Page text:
The actual diagnosis of CFS/ME helped me to understand, finally, that I wasn’t just a mad malingerer who was going nowhere fast, but a person with a condition. Unfortunately, it was a condition that hardly anyone, bar those of us who are the afflicted, seemed to understand. I’m not sure we the afflicted really understand it either, or, surely, we’d be able to make ourselves better, wouldn’t we? The best understanding we can realistically achieve is to know, upon listening to them very carefully, what our bodies are telling us they need. If we are too physically exhausted to take even light exercise in order to “keep fit”, and that term’s a joke in and of itself, we should NOT, as one healthcare professional once told me, get ourselves to the bloody gym!
I’ve had three of four courses of CBT (Cognitive Behavioural Therapy, for the uninitiated) over the years, which, whilst useful in several unrelated ways, have only really taught me how to “manage” my condition so that I do at least get to do the things I really enjoy rather than wasting the energy doing stuff that isn’t life enhancing. It’s a hard call sometimes, and my lifestyle has changed enormously. Imagine if you will, a house proud, seamstress who loves her gorgeous little Westies, having to make the excruciating decision to spend what energy the Universe has given her for the day on 1) making cushions, curtains and clothes 2) cleaning the house or 3) walking and grooming the dogs. I’ve tried an expensive alternative therapy (won’t name it except in a private message as that would be just too rude), which works on the principle that the hypothalamus is the centre of all the problems, and that it can be trained by a process that seems to be based on building self-worth and saying ‘no’ to the things your subconscious doesn’t want you to do, in order to give it the messages it needs to regulate itself correctly, at which point you get miraculously better and catch a cold. That’s maybe a cynic’s appraisal, but it didn’t work like that for me. My immune system still shields me from any form of viral infection; I haven’t had even so much as a cold for at least 13 years now, but that could be due to the fact that I’ve hardly ever seen anyone with a virus during that time, of course.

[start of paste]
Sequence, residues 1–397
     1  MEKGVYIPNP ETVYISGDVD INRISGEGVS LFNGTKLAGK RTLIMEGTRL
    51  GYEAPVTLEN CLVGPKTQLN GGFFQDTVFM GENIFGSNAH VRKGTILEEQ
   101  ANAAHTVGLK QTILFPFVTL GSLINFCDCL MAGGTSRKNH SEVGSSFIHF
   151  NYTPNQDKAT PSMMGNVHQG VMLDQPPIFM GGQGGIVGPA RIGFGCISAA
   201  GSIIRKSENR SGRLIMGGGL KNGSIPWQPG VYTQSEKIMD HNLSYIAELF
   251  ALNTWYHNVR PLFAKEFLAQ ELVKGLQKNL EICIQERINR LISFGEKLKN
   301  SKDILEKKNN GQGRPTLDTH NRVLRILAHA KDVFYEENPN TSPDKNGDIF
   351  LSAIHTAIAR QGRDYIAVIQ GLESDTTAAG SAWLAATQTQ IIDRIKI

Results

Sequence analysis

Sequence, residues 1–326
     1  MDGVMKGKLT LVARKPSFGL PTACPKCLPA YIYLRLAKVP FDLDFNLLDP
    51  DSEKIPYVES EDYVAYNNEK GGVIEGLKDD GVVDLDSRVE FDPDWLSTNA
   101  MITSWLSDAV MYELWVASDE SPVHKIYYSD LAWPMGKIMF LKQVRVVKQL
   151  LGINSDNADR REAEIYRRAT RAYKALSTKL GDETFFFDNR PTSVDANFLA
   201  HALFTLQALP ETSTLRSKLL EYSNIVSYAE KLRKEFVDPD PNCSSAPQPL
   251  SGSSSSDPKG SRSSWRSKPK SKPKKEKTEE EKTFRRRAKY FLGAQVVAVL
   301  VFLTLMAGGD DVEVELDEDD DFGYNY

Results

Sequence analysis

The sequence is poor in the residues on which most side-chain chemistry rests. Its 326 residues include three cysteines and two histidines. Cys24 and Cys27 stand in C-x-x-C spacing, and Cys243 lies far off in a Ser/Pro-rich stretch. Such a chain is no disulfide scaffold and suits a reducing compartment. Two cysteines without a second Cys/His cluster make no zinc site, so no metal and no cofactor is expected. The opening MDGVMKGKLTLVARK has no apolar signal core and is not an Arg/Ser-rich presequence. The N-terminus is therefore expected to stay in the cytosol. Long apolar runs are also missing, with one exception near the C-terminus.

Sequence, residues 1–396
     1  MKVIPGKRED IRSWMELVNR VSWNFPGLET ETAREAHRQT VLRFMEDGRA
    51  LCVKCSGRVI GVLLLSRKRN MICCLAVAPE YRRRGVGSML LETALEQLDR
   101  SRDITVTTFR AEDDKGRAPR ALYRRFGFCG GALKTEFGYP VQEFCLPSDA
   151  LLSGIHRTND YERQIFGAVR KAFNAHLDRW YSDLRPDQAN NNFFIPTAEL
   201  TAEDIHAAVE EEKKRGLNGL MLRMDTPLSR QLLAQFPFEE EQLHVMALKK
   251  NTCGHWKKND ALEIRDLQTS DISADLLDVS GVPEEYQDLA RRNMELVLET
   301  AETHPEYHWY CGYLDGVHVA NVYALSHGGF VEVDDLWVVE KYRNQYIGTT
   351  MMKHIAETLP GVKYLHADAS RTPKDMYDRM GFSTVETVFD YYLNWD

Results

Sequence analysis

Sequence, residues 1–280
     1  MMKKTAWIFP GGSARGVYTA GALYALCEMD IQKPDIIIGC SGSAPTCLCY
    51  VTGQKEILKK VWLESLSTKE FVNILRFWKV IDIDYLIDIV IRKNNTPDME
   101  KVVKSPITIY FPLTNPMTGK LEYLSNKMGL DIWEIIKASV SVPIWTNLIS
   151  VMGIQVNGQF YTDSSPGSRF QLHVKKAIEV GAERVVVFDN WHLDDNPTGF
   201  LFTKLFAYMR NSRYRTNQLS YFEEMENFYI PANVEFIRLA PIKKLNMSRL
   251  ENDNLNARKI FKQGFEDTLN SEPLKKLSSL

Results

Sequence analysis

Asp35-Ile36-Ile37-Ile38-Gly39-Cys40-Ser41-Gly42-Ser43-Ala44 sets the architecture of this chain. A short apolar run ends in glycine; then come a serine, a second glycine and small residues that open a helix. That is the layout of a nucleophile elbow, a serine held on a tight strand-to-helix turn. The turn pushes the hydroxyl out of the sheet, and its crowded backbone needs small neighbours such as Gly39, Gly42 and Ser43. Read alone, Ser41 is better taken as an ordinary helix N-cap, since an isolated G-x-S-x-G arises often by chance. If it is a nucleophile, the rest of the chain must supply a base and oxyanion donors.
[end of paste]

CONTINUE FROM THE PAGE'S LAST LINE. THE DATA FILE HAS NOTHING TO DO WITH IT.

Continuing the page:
So, to conclude: the therapies and pills and potions I’ve been given over the years simply have not worked further than to improve my outlook and self-awareness, and, in my own ever so humble opinion, it’s therefore NOT in my mind, or these therapies would surely have worked as well on the physical as they have on the psychological issues they were designed to tackle. The only thing that works is personal awareness of energy levels and conservation of that energy for the things in life that I enjoy, like writing, and other solitary things one can do from behind a desk and in front of a computer screen. So, it’s writing, walking the dogs, and sod the housework, all the way. It’s just as well I’ve grown to love my own company and tend to prefer living the life I lead in my own head, as opposed to hands-on experience of the rest of the world, isn’t it? The picture attached to this post is my proof of happiness: this is where I live, in my head, every day. But what about the housework, I hear you house proud ladies scream? Oh, don’t worry about that, when I’m a rich and influential author I’ll just pay someone else to wade through the accumulated dust!